Dogma Alert

Friday, April 22, 2005

Church's choice has smell of fear

Apr. 20, 2005. 07:54 AM

VATICAN CITY—God bless Pope Benedict XVI.

And God help the Roman Catholic Church.

She will undoubtedly need some divine succour and soothing under the new pontificate that emerged with such shocking haste here on just the first full day of the papal conclave.

With brocaded stole around his shoulders and white silk zucchetto on his head, the former Cardinal Joseph Ratzinger of Germany appeared from behind the velvet curtains on the central balcony of St. Peter's Basilica shortly after 6:30 p.m.

The massive crowd that had streamed into the panoramic piazza, pouring through the curved arms of the colonnade — drawn there with such urgency by the basso clanging of a colossal bell that tolled the new pope tidings — applauded warmly.

Holding up crucifixes, clutching rosary beads, waving flags from across the globe, the gathering roared its greeting. It was love, without reservation, that washed over the small white-haired man — turned 78 just last Saturday — as he raised his own arms and clasped his hands in the classic prizefighter's pose.

He is a fighter, a pugilist of the pulpit, however beatific that beaming and so rarely seen smile appeared in his debut as 264th successor to St. Peter.

A "simple, humble worker in the vineyard of the Lord," he told the throng, in a brief Italian address preceding the traditional Latin blessing, Urbi et Orbi.

But a severe disciplinarian and a hard-line doctrinaire.

The enforcer of fundamentalist theology for his predecessor and bosom friend.

Jesus sat at the right hand of God. Ratzinger sat at the left hand of John Paul II.

Number 2 man in the Vatican for the last 24 years, the undisputed spine of the Curia, and the bane of progressive priests in all corners of the earth.

In the first conclave of the third millennium, the College of Cardinals could have embraced a fractured church, started to bind wounds that do bleed, appealed to the spirit and soul of Catholics who long for a leadership that feels their bewilderment.

Instead, the Princes of the Church — by a rapid two-thirds-plus-one majority — fastened onto an individual who has been formidably divisive, fiercely conservative and very much a top-down strongman brooking no diversity of opinion.

He's the defender of the faith.

Latin America, which provides ballast for the church with its overwhelming number of Catholics, may not be pleased. Africa, where an "inculturated" Catholicism incorporates indigenous cultures, may not be pleased. North America, where evangelism is the Christianity-du-jour, may not be pleased. Europe, so increasingly secular, its parishes emptying and pulpits unfilled, may not be pleased.

Not a Latin, not black, not Italian, not collegial, not open-minded. Definitely not charismatic.

The elector cardinals had an opportunity here to breathe life into the faith, to make the church more relevant, not so much of an anachronism. They chose, rather, to dig the church more firmly into its ideological entrenchment, electing an archconservative who had, on occasion, promoted policies and edicts that raised the eyebrows of even John Paul, no flabby moderate.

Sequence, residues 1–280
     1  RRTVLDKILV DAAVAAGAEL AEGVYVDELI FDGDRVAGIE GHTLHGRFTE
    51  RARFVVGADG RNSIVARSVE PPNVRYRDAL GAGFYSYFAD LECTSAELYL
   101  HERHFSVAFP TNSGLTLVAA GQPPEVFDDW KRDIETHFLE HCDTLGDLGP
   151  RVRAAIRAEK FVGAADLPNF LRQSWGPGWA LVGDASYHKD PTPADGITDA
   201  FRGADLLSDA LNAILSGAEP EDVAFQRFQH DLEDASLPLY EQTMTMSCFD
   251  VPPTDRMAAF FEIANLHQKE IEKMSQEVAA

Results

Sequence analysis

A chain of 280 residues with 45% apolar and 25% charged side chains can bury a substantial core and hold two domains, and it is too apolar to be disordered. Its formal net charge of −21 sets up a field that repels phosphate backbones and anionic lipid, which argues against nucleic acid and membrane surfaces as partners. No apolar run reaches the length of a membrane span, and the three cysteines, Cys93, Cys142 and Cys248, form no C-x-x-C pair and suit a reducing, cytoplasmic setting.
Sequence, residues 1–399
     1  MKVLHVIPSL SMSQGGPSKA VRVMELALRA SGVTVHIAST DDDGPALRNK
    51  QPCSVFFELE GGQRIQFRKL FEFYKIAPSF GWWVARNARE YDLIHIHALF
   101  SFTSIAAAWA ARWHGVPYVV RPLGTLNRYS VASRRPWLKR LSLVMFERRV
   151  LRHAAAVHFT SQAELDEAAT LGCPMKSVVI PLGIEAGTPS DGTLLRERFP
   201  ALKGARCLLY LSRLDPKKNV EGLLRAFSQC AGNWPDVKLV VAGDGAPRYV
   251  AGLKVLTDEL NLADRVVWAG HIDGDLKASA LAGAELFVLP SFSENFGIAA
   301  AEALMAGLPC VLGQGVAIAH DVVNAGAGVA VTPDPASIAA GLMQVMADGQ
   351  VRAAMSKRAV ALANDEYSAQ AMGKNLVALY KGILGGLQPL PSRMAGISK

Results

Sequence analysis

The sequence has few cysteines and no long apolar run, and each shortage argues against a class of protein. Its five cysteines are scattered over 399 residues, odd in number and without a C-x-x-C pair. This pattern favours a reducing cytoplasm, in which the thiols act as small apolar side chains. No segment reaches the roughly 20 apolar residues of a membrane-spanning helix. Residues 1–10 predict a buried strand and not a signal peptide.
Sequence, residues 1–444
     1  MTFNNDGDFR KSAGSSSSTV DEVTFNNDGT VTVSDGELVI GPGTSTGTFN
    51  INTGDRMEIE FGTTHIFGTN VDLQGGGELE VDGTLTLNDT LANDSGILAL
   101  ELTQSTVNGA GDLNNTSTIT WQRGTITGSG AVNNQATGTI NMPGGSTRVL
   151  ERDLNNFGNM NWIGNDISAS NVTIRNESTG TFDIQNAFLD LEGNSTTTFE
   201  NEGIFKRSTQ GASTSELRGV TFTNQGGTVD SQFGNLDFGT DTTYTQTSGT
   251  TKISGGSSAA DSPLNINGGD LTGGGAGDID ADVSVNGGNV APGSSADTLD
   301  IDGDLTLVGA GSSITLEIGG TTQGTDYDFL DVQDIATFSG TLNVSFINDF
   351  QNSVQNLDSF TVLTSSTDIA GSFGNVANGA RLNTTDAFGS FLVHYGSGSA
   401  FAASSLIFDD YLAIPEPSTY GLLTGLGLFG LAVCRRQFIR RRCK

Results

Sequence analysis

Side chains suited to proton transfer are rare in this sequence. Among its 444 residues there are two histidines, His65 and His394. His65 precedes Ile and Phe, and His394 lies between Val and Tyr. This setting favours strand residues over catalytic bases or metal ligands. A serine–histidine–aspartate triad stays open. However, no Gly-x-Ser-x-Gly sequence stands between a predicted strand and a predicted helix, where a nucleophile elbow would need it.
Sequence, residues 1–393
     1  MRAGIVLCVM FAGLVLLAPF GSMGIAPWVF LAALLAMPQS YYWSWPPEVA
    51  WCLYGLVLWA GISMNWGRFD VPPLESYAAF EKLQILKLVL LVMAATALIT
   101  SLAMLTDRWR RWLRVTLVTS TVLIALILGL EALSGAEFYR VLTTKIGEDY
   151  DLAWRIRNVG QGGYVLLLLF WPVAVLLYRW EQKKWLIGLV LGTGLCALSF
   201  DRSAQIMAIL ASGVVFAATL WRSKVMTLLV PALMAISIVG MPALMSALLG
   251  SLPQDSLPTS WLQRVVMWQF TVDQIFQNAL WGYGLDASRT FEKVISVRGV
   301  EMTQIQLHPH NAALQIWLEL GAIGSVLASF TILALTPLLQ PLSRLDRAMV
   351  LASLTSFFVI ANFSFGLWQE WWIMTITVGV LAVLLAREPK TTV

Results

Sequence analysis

It has the odour, I think, of fear.

This beleaguered church, lashed on all sides by scandal and criticism, diminished by abandonment of the faithful, clearly intends to batten down the hatches and shore up the ramparts, at least for however long this elderly pope lasts.

It suggests a faith under siege, untrusting of its own core strengths and frightened by the modern world.

Presumably, the red-hats feel safer this morning. They certainly looked proud of themselves, as they squeezed shoulder-to-shoulder on the Basilica's balconies once the newly minted pope had retreated.

At this point, the cardinals would have already filed before Pope Benedict XVI, kneeling to pay homage to the Supreme Pontiff as he sat on a small stool, as per ritual. But then they would be accustomed to genuflecting before Ratzinger-as-cardinal.

There were attempts by commentators last night to reinvent this pope, rewrite the biography, buff the jagged edges of a sharp and caustic ideology.

His influence under Pope John Paul, however, has been too vividly chronicled for revisionism now. Indeed, a Holy Father of such unbending orthodoxy may be just what the Catholic Church and its 1.1 billion adherents need. But I have my doubts.

There will surely be no room in this papacy for married priests, female clergy, homosexuals, divorced people who ache for the sacraments, the majority of Catholics who use contraception, advocates of condoms to reduce the pandemic of AIDS, infertile couples who seek in-vitro treatment and those who pray for the promise of stem-cell research.

Even a couple of the Pope's compatriot cardinals — progressive fellow Germans Karl Lehmann and Walter Kasper (who famously jousted in print with Cardinal Ratzinger over the authority of local dioceses) — must be feeling demoralized today, along with their gently liberal colleagues. It is likely that even modestly independent bishops will be brought to heel, unless Ratzinger undergoes an abrupt reversal of style.